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Galvez: EDCA projects in Philippines meant for deterrence, not war

Developing the Philippines' defense capabilities through efforts such as the Enhanced Defense Cooperation Agreement (EDCA) with the United States aims to build deterrence, and is not for engaging in war, Department of National Defense officer-in-charge Carlito G. Galvez, Jr.

In a statement, Galvez said projects under the EDCA were geared towards enhancing the readiness of the Armed Forces of the Philippines (AFP) to speed up its external defense development.

"The geopolitical situation is becoming more precarious by the day,” Galvez said.

“Our projects under EDCA and our other defense partnerships are not intended for aggression. We are not preparing for war, rather we aim to develop our defense capabilities against eventualities and threats to our security," he added.

Galvez said the Philippines has shifted its focus to "territorial defense."

"As the Commander-in-Chief, President Ferdinand R. Marcos, Jr. directed the AFP recently, we are shifting our focus towards territorial defense, especially in the West Philippine Sea (WPS),” Galvez said.

“Our previous engagements and exercises with our partners used to focus on internal security operations. Now, we are eyeing to strengthen our abilities to respond to external threats that may arise along our border areas," he added.

Galvez the DND was looking o achieve "an optimal number and locations of the EDCA sites to maximize their coverage of the Philippine archipelago."

The DND has announced that the Philippine and US sides agreed to designate four new EDCA Agreed Locations.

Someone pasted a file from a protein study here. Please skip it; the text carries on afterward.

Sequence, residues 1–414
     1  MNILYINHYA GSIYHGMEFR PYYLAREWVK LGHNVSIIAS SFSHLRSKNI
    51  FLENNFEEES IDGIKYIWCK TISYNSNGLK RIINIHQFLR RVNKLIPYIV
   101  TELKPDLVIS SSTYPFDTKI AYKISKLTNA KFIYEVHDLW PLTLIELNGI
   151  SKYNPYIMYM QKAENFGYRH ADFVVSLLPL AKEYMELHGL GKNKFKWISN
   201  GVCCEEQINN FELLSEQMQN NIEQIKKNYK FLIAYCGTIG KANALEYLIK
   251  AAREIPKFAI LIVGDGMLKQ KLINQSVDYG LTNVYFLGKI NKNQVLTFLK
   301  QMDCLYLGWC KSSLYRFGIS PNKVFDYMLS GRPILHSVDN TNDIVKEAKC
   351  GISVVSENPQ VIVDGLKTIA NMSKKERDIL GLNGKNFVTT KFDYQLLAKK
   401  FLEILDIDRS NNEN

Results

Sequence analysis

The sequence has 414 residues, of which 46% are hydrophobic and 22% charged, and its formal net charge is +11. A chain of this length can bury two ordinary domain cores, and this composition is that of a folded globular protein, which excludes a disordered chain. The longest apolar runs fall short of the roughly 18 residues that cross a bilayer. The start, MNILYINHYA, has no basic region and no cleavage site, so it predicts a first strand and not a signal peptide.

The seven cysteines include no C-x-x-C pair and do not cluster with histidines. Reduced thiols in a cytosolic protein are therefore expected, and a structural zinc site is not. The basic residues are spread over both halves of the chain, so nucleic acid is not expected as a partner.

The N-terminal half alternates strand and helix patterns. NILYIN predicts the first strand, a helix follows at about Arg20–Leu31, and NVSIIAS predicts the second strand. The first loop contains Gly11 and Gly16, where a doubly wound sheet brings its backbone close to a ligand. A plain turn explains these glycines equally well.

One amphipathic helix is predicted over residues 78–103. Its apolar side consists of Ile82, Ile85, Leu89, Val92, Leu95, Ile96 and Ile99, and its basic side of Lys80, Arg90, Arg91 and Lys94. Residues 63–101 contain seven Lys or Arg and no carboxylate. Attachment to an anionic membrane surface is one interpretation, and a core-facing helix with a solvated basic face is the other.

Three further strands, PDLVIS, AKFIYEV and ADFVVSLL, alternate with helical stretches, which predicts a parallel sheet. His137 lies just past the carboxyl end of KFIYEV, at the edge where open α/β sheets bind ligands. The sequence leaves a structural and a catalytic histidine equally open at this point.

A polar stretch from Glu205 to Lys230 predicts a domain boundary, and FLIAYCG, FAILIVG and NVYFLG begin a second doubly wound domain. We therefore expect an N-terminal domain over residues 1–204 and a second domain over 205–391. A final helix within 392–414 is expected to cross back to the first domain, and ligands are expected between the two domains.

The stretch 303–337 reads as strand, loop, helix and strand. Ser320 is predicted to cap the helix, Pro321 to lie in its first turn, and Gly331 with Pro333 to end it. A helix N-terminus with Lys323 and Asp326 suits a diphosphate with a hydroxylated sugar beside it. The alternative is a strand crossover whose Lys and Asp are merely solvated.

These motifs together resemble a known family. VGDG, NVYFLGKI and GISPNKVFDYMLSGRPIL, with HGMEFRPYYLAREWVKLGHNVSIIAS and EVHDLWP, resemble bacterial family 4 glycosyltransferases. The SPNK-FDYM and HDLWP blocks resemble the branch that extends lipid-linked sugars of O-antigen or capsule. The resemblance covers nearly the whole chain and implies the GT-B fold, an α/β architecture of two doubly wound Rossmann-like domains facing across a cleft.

EDCA, along with the Visiting Forces Agreement, operationalizes the 1951 PH-US Mutual Defense Treaty (MDT). It was signed in 2014 but its implementation was delayed due to various reasons.

“We understand the apprehensions expressed by our local chief executives about EDCA and our bilateral exercises. However, we must consider the volatile situation in which we operate and not view our country in isolation,” said Galvez. “

The Philippines straddles a crucial location in the Pacific, and we have seaboards to the north, south, east, and west. All of these must be monitored and protected," Galvez said.

Galvez said the Supreme Court upheld the EDCA's constitutionality in 2016 despite legal challenges.

"Coupled with other technical issues, which have since been resolved, and the restrictions brought by the pandemic, the implementation of the projects under EDCA was delayed for many years,” Galvez said.

“Thus, the identification of new sites for additional EDCA Agreed Locations is long overdue," he added. —NB, GMA Integrated News